01File a Florida Declaration of Domicile
A Florida "Declaration of Domicile" is a document which allows you to declare that you are a bona fide resident of Florida because you reside in and maintain a place of residence there. You intend to maintain the residence as your permanent home.
You must declare in the document whether you maintain another place or places of residence in some other state or states. If so, you must confirm that your residence in the State of Florida constitutes your predominant and principal home.
The Florida Declaration of Domicile must be signed by you in front of a notary public or the deputy clerk of a Florida court. It must then be recorded in the public records of the Florida county where you reside. There's a minimal fee for recording.
The penalty for perjury for falsely signing a Florida Declaration of Domicile is five years in state prison and a $5,000 fine.
Although signing and recording a Florida Declaration of Domicile is not required to establish your Florida residency, it does put the public on notice that you have indeed made Florida your permanent home.
02Obtain a Florida Driver's License
You must have a valid Florida driver's license if you drive. If you don't have one but declare Florida as your residence, it will provide evidence to the state you're trying to cut ties with that you haven't officially moved.
You have 30 days to get one after you file your Declaration of Domicile.
Your driver's license from your former state will be confiscated by the when you apply. You won't be able to have two licenses...at least from Florida's perspective.
You'll need proof of your Social Security number and two documents that show your Florida address.
If you don't drive, consider getting a Florida non-driver ID card instead.
03Register Your Vehicles
You should also register your automobiles, boats, and other vehicles that are located in Florida with the Department of Motor Vehicles. Florida requires that you take your vehicle to the DMV office for verification of the vehicle identification number.
And don't neglect to insure your vehicles in Florida. You'll need proof of this for the DMV as well.
04Register to Vote in Florida
Register to vote in Florida...then actually do so in the first available election. Registering is good, but actually voting is even better. Remember that voter registration books close 30 days before an election.
You can accomplish this when you get your driver's license or non-driver ID card. The DMV should provide you with a voter registration form at the same time. If not, ask for one.
05Open Local Bank Accounts
Transfer at least one out-of-state account to a Florida banking institution. It's a good idea to do this with all your financial accounts, although some might be located in states you never lived in. This is OK. Just make sure those in your old state or states of residence are transferred.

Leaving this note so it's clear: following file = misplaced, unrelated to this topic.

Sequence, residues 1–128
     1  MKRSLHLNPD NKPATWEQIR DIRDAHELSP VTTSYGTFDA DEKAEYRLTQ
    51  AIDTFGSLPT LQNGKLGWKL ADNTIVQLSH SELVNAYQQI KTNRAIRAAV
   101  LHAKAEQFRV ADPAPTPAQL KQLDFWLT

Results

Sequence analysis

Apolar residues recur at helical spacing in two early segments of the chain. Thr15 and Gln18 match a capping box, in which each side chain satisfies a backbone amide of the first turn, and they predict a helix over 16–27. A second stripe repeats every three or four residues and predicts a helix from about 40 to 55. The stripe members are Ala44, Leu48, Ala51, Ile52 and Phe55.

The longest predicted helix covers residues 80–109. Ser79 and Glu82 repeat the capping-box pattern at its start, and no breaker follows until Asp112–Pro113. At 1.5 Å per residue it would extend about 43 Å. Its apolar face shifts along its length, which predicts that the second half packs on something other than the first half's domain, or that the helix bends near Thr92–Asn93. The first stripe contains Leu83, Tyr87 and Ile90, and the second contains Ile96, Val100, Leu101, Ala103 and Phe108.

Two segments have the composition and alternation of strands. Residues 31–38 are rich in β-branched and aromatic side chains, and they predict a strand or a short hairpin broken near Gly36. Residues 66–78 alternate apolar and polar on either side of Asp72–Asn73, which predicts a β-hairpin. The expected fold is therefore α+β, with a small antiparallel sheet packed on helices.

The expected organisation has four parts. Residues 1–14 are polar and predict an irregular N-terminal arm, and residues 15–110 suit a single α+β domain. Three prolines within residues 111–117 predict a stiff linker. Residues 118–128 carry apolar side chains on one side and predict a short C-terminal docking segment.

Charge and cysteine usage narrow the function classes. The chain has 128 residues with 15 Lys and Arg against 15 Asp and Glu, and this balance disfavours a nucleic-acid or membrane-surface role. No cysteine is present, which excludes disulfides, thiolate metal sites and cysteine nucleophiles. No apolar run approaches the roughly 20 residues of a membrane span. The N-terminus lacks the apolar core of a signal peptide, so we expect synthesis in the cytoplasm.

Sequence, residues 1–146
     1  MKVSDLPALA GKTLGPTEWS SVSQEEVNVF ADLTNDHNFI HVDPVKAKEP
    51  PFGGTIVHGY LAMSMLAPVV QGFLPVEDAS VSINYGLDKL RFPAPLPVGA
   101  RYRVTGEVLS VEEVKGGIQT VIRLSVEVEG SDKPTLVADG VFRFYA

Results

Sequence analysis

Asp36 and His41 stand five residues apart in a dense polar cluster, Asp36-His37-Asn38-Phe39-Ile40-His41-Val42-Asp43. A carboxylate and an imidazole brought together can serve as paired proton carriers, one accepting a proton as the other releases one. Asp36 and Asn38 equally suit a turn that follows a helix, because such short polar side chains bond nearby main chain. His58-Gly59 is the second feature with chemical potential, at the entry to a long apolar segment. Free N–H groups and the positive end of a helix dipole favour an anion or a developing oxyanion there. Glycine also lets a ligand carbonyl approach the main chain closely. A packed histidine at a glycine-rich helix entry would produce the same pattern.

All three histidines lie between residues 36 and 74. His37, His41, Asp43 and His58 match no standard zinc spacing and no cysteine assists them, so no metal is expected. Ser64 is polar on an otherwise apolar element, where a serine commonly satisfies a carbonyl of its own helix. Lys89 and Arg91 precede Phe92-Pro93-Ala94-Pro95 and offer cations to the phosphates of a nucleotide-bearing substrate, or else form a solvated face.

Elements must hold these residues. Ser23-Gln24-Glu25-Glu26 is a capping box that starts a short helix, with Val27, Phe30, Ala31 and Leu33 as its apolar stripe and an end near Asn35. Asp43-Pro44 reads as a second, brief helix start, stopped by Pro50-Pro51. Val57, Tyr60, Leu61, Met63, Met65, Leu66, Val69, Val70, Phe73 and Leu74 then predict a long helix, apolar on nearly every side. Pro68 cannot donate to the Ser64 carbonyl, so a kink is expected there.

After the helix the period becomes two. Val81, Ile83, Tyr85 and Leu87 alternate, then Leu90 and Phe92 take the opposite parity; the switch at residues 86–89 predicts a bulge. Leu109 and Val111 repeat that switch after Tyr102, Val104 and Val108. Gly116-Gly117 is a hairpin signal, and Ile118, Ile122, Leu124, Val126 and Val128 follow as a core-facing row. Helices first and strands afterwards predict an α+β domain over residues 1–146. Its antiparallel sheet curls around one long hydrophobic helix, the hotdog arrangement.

06Notify Tax Officials
File final income tax returns in any states where you're required to pay income taxes. Notify those state taxing officials of your move to Florida.
List your Florida address as your residence for federal income tax purposes, then file your return with the Internal Revenue Service Center in Charlotte, NC 28201.
You should also notify the Social Security Administration of your new Florida address.
07Apply for the Florida Homestead Exemption
Apply for the Florida homestead exemption if you purchase a home rather than rent one. This will help to establish your domicile in Florida and it will also provide real estate tax benefits and asset protection.
The Florida Save Our Home Act provides that if you qualify for a homestead exemption, $50,000 of your assessed property value is exempt from taxation. If property taxes are imposed by a school district, the exemption is $25,000. And your property's assessed value is limited to 3 percent increases per year.
08Update Your Estate Plan
Now that you're a Florida resident, Florida law will govern your estate planning documents. Florida also enacted a new power of attorney law in October 2011 that's you'll want to be aware of.
It's a bit different from power of attorney laws in other states, and Florida also has some quirky laws with regard to who can be your personal representative, also known as an executor, and who you can and can't leave your primary homestead residence to. So it's important to use Florida professionals, such as attorneys, accountants, and financial advisors, to draft these updated documents whenever possible.
These professionals will understand the ins and outs of the Florida laws that will affect your estate planning, tax planning, and investments.
How to Officially Become a Florida Resident
How to Change Your Official Domicile to Florida
The place where you live with the intention that it's going to be your permanent residence for an indefinite period of time is referred to as your "domicile." It determines what state you must pay taxes to, and it can make you eligible for state programs and benefits. But what happens if you have more than one home?
If your time is spent in Florida and one or more other states during the year, you must choose one state and clearly indicate your choice of domicile by establishing key relationships to and with that state. You should be able to persuade your former state of domicile that you have, in fact, abandoned your domicile in that state and that you've established your new domicile in Florida.
All this involves taking several steps, and the more the better.